Horace Odes II: Vatis Amici

By David West; Horace | Go to book overview

Introduction

THE LIFE OF HORACE

Quintus Horatius Flaccus was born in 65 BC in Venusia, a town in central southern Italy near where the regions Lucania and Apulia met. His father was an auctioneer's agent, owned a small farm, and was a freedman, that is a slave who had been freed in his lifetime. He took a great interest in his son's education, taking him to Rome to study Greek, and sending him to Athens, where his principal study was Greek philosophy. On the Ides of March 44 BC Julius Caesar was assassinated by conspirators led by Brutus and Cassius. Brutus then withdrew to Athens, and while attending lectures in philosophy and gathering an army, he recruited young Horace with the rank of tribunus militum, the second level of legionary command under the legatus. After the conspirators were defeated in 42 BC by Antony and Octavian* at the battle of Philippi, Horace returned to Rome and purchased an administrative post as assistant to the magistrates, a treasury official, scriba quaestorius. In 38 BC he was introduced to Maecenas, friend and adviser of Octavian. Horace's first book of Satires appeared in 35 BC, and soon after that, thanks to the generosity of Maecenas, he became the happy owner of an estate in the Sabine country. In 31 BC Octavian defeated Antony and Cleopatra at the battle of Actium and in 27 BC he took the title of Augustus. The Epodes and a second book of Satires appeared in 30 BC, the first three books of Odes in 23, the Epistles in 19, the Secular Hymn in 17, the fourth book of Odes in 13 BC and at about the same time the second book of Epistles. Maecenas died in 8 BC and in his will, by which he left all his property to Augustus, there is a clause: 'Be mindful of Horatius Flaccus as though he were myself', Horati Flacci ut mei memor esto. Horace died fifty-nine days later and the two men were buried close to one another on Maecenas' estate on the Esquiline Hill in Rome.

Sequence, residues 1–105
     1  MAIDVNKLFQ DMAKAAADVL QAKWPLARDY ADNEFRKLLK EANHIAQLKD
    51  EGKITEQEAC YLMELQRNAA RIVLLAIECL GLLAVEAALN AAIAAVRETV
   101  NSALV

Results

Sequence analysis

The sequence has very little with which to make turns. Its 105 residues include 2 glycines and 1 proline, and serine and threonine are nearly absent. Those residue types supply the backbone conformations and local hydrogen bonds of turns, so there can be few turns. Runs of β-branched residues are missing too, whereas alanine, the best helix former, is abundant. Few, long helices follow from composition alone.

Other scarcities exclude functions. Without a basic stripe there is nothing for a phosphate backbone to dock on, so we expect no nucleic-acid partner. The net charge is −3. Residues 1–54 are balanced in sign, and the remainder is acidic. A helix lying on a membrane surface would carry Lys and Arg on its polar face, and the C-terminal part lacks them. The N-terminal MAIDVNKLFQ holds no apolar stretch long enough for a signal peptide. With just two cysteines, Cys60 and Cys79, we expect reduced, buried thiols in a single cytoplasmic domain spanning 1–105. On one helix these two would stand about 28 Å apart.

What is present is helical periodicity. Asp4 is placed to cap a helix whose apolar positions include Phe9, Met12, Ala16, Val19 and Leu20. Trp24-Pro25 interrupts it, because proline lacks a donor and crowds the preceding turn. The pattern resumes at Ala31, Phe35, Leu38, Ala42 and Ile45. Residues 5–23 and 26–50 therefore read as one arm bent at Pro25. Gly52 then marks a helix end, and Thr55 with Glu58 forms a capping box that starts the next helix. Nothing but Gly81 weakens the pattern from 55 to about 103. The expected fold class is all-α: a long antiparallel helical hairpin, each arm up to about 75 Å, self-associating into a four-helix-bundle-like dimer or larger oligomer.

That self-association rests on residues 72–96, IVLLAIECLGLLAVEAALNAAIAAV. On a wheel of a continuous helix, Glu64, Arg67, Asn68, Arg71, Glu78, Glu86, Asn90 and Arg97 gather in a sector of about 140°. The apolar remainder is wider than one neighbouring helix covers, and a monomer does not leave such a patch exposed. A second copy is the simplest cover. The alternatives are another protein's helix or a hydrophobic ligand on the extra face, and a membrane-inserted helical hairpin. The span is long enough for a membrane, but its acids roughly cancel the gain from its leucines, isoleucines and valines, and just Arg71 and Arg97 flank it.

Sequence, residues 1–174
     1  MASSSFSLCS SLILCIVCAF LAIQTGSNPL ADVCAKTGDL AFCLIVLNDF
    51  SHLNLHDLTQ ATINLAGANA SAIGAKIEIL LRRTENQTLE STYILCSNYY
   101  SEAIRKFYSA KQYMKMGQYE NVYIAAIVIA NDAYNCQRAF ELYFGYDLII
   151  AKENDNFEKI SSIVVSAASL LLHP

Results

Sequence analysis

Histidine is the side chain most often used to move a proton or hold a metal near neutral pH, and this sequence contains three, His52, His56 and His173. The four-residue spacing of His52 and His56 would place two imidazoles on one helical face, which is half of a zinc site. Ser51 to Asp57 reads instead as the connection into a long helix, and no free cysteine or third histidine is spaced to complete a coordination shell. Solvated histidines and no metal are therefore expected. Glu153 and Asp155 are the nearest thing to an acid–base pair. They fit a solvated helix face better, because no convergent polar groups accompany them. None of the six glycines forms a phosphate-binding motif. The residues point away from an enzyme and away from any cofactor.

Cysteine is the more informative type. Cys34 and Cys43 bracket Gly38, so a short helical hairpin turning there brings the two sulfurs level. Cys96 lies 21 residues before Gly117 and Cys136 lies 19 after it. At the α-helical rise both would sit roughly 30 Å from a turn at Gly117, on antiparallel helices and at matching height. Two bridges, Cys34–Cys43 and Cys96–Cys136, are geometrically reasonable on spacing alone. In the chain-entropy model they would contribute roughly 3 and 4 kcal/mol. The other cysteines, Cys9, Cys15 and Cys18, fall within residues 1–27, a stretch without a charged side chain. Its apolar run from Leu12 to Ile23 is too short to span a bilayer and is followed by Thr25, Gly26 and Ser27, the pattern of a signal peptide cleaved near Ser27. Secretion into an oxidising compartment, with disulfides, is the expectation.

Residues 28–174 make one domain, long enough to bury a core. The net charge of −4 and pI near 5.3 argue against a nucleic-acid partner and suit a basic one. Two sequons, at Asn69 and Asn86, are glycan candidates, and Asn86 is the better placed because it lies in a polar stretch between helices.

____________________
*
Augustus was born Gaius Octavius in 63 BC. In 44 BC he was adopted as son by his great-uncle Julius Caesar under the name of Gaius Iulius Caesar Octavianus (normally called Octavian in English).

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Horace Odes II: Vatis Amici
Table of contents

Table of contents

  • Title Page iii
  • Preface v
  • Contents vii
  • Introduction ix
  • Odes Book 2 1
  • List of Works Cited 149
  • Brief Notes on Authors 153
  • Index of Topics 156
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